Understanding the Present Tense of Spanish Verbs
Most Spanish verbs are predictable, especially in the present tense, which makes them fairly easy to master. The regular Spanish verbs come in three flavors — -ar, -er, and -ir — and conjugating them is easy. Regular verbs, therefore, are a great place to start your warm-up with the present tense.
Conjugating Spanish -ar verbs
Conjugating regular -ar verbs in the present tense is a snap. You take the infinitive form of the verb, which ends in -ar, chop off the -ar, and replace it with the ending for the appropriate subject pronouns: I, you, he, she, we, or they. The subject pronoun dictates the verb form that you use in a sentence. If you start a sentence with I, for example, and you use an -ar verb, that verb must end in -o.
The regular present tense -ar verb endings are as follows:
Conjugating Spanish -er verbs
The -ar verbs set the pattern for all the regular verbs, including the -er and -ir verbs. To conjugate -er verbs, you chop the -er off the end of the verb and add the appropriate verb endings so that the verb agrees with its subject. Here’s a handy table:
Conjugating Spanish -ir verbs
The -ar and -er verbs make up the bulk of the regular verbs, but a small number of -ir verbs round out the collection. You conjugate these verbs the same as the -er verbs, except for the nosotros and the vosotros forms:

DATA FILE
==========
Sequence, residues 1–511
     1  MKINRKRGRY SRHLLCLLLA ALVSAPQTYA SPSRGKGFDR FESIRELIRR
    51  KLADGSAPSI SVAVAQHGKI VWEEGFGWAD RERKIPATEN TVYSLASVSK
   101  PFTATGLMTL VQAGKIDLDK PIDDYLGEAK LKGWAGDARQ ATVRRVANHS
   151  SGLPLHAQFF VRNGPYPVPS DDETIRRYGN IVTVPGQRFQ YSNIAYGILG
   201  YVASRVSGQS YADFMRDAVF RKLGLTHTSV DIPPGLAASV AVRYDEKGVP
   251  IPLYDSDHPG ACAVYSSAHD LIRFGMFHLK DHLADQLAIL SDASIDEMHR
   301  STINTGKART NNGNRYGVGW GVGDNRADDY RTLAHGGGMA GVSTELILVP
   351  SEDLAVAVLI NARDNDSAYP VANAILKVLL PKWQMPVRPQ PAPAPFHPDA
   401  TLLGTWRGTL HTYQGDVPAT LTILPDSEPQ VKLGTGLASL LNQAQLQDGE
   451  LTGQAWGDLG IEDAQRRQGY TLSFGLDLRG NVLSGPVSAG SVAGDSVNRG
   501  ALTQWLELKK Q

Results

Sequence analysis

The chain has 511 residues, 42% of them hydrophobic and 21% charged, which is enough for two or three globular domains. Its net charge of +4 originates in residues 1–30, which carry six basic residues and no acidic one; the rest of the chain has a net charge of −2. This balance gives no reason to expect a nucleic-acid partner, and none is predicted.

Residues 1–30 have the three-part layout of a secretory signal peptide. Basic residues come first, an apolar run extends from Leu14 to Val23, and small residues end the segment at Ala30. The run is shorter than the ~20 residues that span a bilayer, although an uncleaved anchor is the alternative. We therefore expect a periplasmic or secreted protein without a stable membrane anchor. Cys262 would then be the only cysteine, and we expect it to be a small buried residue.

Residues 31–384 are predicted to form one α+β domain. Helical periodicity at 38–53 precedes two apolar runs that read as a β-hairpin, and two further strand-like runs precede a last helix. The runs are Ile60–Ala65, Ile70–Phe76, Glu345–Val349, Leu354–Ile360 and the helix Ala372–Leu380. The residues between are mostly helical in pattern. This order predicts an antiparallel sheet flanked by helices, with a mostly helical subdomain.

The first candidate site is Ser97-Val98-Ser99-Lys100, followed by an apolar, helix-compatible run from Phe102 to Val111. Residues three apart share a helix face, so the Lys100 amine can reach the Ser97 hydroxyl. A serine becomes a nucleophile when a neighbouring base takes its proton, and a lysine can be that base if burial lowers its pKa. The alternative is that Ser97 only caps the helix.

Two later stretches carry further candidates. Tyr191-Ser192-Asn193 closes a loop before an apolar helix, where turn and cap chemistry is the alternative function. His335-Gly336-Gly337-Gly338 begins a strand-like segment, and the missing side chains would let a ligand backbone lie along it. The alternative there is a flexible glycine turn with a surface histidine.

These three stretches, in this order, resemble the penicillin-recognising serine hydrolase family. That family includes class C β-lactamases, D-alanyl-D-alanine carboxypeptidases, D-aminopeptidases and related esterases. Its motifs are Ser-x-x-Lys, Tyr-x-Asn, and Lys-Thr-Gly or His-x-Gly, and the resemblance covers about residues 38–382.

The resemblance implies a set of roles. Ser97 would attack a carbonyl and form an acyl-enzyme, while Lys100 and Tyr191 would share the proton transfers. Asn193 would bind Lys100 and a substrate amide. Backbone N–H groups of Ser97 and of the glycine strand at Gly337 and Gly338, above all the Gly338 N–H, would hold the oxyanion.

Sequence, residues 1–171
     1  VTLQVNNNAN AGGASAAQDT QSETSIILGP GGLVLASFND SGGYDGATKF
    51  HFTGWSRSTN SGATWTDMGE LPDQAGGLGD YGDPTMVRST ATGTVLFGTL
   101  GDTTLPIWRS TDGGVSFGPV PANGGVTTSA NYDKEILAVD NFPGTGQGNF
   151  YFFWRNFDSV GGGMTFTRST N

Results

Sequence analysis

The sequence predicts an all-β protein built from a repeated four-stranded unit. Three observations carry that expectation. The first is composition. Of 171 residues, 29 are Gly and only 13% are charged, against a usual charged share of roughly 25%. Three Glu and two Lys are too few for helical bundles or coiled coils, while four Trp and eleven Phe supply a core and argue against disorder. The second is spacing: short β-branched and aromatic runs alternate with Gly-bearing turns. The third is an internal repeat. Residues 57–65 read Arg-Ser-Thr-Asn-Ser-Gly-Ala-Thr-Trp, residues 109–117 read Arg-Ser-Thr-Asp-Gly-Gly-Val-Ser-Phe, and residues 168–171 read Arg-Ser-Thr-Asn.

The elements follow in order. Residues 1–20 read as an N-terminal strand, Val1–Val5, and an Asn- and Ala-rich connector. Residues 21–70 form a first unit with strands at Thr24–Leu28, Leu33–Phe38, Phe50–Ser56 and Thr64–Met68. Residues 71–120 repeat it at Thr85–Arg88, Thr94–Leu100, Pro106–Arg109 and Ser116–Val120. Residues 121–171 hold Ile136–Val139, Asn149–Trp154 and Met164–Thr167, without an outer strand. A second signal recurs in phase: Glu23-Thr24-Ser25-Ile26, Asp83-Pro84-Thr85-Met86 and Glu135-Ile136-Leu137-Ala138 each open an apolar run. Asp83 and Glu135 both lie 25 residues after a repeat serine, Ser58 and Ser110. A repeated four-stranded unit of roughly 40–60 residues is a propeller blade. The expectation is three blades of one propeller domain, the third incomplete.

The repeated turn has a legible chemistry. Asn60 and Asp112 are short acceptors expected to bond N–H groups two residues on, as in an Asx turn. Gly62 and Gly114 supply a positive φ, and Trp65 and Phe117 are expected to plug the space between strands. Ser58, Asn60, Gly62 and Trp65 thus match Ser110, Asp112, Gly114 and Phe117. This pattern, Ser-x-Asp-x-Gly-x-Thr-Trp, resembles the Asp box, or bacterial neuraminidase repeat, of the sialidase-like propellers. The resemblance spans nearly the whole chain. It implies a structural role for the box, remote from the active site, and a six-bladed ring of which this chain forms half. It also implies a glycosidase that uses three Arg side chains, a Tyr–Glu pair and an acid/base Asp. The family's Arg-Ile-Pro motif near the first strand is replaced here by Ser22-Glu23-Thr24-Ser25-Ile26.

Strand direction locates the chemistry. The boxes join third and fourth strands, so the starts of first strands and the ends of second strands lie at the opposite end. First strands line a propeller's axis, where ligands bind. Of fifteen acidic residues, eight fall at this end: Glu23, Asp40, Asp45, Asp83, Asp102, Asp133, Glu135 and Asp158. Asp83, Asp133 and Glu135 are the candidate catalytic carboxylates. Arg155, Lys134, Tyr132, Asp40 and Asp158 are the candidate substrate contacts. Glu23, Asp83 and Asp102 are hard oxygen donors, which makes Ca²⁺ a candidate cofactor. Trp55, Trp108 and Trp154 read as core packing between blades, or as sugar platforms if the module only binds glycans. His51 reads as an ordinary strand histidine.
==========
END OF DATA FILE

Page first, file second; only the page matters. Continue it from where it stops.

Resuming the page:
Using the present tense in Spanish
A subject and a verb are all you really need to create a bona fide sentence: Yo canto (I sing). That’s a sentence. In Spanish, you can even drop the subject when its meaning is understood from the verb ending: Canto. Now that’s one short sentence. If you use two verbs together and the second one is in the infinitive form, you don’t need anything between them unless they’re a part of a verb structure, a commonly used phrase that contains one or more verbs.
The present tense in Spanish conveys not only an ongoing present tense action, such as I’m talking on the phone, but also an action that you’re in the habit of doing, such as I talk on the phone a lot. Adverbs help you make those distinctions. The tense is built right into the verb, but that isn’t always specific enough to describe precisely when an action is occurring in the present. Is it happening now, sometimes, always, every Saturday? By tacking on an adverb, you can express time more precisely.